Why study the Biblical Hebrew Language?

Why study the Biblical Hebrew Language? For a quick and simple answer – because the Bible was not written in English. This is even more important today as there are more and more translations on the market and the English Bible as we know it, remains the best selling book year after year. As more and more translations are introduced to the market, I have found personal frustrations with broad differences that I have came across in study.

In a recent study of Isaiah 58:10, we came across “pour yourself out”, “spend yourself”, and “feed the hungry” from three different English translations. I could argue that one could feel the passion behind the first two, but the simple “feed the hungry” statement falls flat. Maybe this is more cultural interpretation than language? On the Ancient Hebrew Research Center web site, there is a video discussion on six different Hebrew words that are all translated over into the English word “teach”. Again, not only do we miss out on the richness of the Hebrew Language, we are also forcing our cultural interpretation of the word “teach” on the text.

Martin Luther in His book Table Talk comments “The words of the Hebrew tongue have a peculiar energy. It is impossible to convey so much so briefly in any other language.”

Here are some additional quotes from the Ancient Hebrew Research Center web site that speak well for why it is important to study the Biblical Hebrew Language.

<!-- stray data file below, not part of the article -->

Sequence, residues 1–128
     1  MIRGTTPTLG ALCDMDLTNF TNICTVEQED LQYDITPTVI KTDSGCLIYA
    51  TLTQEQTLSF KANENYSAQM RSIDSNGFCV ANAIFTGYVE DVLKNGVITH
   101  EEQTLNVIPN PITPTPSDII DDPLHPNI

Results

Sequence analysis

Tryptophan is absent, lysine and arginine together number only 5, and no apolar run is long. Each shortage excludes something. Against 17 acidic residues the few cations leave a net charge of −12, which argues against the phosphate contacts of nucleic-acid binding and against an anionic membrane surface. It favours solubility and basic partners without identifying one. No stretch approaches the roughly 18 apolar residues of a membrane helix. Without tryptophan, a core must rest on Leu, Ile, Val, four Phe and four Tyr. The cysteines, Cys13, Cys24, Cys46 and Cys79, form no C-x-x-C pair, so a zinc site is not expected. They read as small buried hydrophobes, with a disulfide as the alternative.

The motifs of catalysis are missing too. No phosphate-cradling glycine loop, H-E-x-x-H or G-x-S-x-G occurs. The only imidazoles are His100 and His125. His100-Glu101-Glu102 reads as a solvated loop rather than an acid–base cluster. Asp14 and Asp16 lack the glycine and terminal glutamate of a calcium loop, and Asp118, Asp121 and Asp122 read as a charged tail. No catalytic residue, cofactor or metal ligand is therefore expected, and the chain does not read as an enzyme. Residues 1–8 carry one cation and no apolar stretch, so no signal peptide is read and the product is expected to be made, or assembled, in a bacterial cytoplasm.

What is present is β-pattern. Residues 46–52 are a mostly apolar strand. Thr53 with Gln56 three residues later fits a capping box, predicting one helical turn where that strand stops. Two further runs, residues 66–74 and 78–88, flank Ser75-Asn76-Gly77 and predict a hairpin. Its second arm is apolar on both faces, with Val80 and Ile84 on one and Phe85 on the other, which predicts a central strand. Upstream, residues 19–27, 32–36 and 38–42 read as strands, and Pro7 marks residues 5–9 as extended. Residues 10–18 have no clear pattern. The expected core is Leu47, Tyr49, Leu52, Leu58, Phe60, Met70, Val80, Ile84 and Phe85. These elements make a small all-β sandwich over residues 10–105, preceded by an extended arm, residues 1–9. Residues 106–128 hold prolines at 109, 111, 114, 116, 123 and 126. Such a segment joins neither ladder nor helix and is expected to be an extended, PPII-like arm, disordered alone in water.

“Our sacred literature does not use obscure language, but describes most things in words clearly indicating their meaning. Therefore it is necessary at all times to delve into the literal meaning of words to achieve complete understanding of what is actually meant.”
–Rabbi Samson Raphael Hirsch (1808-1888)

“Reading the Bible in translation is like kissing your new bride through a veil.”
–Haim Nachman Bialik (Jewish Poet, 1873-1934)

“The Bible is a book that has been read more and examined less than any book that ever existed.”
–Thomas Paine (Author, 1773-1809)

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5 Responses

  1. I was thinking the same thing. Our English language loses so much in translation. Our assumptions of what a word means and what it should actually translate as are two totally different ideas.

    Also something lost is the emphasis and intensity with which the Hebrew language deals with certain concepts like the spiritual and physical death of Adam and Eve with the “died dying” statement. We don’t get such imagery in English.

    I agree that some of the translations of words, verse, phrases etc are very lack lust to say the least. Many fall flat compared to their original intent and that more people should be familiar with the Hebrew language.

  2. I have to confess that I had never seen the importance of learning Hebrew or Greek. Guess I always believed that was fine for scholars, but not necessary for me. However, with just the start of this class, I am beginning to believe I need to rethink that philosophy . . .

  3. Byron,
    Can you pass on the link to the Ancient Hebrew site?

    Thanks

  4. I agree that learning the original languages is important. I am surprised, however, at how many “average church attendees” do not realize this importance. While in Bible College, I had a weekend ministry at small Christian Church. During this time, I did a Sunday School lesson series on the history of the “English Bible.” I was amazed that over half of class thought that the King James Version was the original version of the Bible. How sad!

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